A broken hero is more redundant than the busty co-ed in contemporary cinema. We sympathize with his melancholy only because it “shouldn’t have happened to him.” Any Disney Channel Original Movie could produce a salty discharge from even Tony Soprano’s eyes. But the void? Empathy. In “Flight,” a lofty Denzel Washington shoots for exactly that: the antihero worthy of empathy.


At Quality 16 and Rave

Accomplished director Robert Zemeckis (“Forrest Gump”) beautifully packages a compelling character study in which deceit trumps all. In Forrest Gump, we saw an ideal man born with external deficiencies. “Flight” presents Whip Whitaker (played with oozing and toxic poise by Denzel Washington, “Training Day”) equipped with the ideal exterior and a hugely flawed mental game. Viewers sympathized with Forrest, but they probably empathize with the equally right and sinful Whip of “Flight.”

Whip is an all-smiles, cool-as-a-cucumber veteran pilot. An everyday flight takes a horrifying turn when heavy turbulence evolves into a nosedive free-fall with about a hundred on-board passengers. Whip quarterbacks an incredible last-second effort to flip the plane upside down in order to regain a coasting glide — with no working engines. In a blood-pumping scene, cockpit alarms sound uncontrollably as the plane suffers a rough landing in a field. Five casualties. Whip is a hero. Things are hunky-dory until the toxicology reports reveal Whip’s 0.24 BAC and a positive cocaine test.

Not such a hero anymore, right?

The remaining film probes into all the reasons we should give up on Whip: his incessant and ubiquitous alcoholism, estrangement toward his son and an intractable inclination to lie and lie and lie. Zemeckis is smart — he wants to build a collective aversion aimed at a truly likable yet corrupt character. He wants the character to earn your trust by the end, without guaranteeing anything more than a downward-spiraling debacle of pathetic proportions. This game of self-identity, addiction and egoism paints a poetically dreary picture that begs for rebirth.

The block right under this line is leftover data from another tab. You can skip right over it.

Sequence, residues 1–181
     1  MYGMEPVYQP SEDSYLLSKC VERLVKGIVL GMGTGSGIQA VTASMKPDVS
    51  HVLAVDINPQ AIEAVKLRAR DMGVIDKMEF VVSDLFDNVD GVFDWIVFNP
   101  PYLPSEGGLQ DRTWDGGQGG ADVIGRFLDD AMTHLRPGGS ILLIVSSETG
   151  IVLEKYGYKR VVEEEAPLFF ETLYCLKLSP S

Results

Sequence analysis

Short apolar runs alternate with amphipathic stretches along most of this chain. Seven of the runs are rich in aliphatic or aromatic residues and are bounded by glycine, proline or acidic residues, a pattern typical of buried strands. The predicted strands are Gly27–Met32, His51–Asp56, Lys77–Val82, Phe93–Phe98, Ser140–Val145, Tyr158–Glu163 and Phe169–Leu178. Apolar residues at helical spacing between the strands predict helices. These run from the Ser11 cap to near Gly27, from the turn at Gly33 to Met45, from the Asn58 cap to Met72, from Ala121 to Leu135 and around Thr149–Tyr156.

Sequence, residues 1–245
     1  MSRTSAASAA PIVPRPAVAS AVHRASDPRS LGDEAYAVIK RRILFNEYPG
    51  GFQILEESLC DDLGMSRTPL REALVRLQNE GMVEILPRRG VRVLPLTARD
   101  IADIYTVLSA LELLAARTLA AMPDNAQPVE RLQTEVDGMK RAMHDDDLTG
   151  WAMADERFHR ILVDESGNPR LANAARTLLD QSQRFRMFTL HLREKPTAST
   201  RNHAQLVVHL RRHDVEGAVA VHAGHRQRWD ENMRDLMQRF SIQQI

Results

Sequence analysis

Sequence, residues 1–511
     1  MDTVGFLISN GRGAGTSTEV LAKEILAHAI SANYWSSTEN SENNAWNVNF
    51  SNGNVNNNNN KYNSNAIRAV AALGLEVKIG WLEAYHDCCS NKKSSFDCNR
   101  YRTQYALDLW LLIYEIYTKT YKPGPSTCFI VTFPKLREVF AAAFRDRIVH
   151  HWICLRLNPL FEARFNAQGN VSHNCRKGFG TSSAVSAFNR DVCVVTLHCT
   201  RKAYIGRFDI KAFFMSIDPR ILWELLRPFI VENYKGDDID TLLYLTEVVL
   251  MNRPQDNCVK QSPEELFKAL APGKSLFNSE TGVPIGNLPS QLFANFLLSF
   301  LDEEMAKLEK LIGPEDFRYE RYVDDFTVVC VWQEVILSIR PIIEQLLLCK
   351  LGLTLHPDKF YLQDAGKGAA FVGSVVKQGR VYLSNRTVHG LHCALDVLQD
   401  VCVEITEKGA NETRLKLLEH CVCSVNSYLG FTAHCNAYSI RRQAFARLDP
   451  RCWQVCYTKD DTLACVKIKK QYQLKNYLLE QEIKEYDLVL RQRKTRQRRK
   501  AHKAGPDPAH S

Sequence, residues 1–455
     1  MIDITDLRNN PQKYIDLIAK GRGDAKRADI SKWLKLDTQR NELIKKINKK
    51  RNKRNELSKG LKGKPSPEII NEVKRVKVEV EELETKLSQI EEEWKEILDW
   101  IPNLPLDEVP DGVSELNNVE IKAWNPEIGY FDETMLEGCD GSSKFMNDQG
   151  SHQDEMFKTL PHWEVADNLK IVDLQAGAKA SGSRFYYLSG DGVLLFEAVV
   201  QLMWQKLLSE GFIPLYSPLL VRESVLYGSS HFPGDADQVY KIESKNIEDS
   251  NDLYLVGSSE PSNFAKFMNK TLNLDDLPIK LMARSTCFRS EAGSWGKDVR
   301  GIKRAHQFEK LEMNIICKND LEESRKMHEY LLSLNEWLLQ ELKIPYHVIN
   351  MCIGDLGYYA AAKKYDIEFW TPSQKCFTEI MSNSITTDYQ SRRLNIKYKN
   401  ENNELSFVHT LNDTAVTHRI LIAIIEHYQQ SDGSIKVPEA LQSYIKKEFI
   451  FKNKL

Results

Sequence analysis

In the most moving scene of the film, Whip drunkenly and spontaneously returns home to his divorced wife and distant son. It ends badly — his wife threatening to call the police, the son vigorously trying to wrestle out of Whip’s grasp, and Whip laughing as he forcibly embraces his son, kissing his forehead. This emotive climax showcases a major thematic element in Whip’s crooked mentality: holding on to what is unrightfully his.

Surprisingly, the glimmer of enlightenment comes from the minor role of a charming cancer patient during Whip’s time in the hospital. Knowing his end is within weeks, he softly says that “death gives you perspective.” A message that resonates throughout as people deem the plane miracle “an act of God.”

The depressing moments are somehow inspiring though, like an Edgar Allen Poe work in which the bad revives the good. Luckily, Whip’s buddy-slash-drug-dealer (played hilariously by John Goodman, “The Artist”) counterbalances the attitude of “Flight” via his comic slights, like dropping off “stroke mags” for a hospitalized Whip.

Even the wrongful acts of Whip are brilliantly made cool, courtesy of a dynamite soundtrack. The Rolling Stones’ “Gimme Shelter,” Joe Cocker’s “Feeling Alright” and similar toe-tappers flood the scenes of white line-sniffing and booze-guzzling. It’s all part of the plan: make the uncool cool. A pretty simple task with Washington at the helm.

“Flight” will soar confidently above mass expectations. Denzel junkies will continue to feed the addiction. Denzel unbelievers (Do they even exist?) will be converted. Whether loaded or not entirely sober, Whip’s words, gesticulations and undying ego don’t make us cry for him — we root for him.

Leave a comment

Your email address will not be published.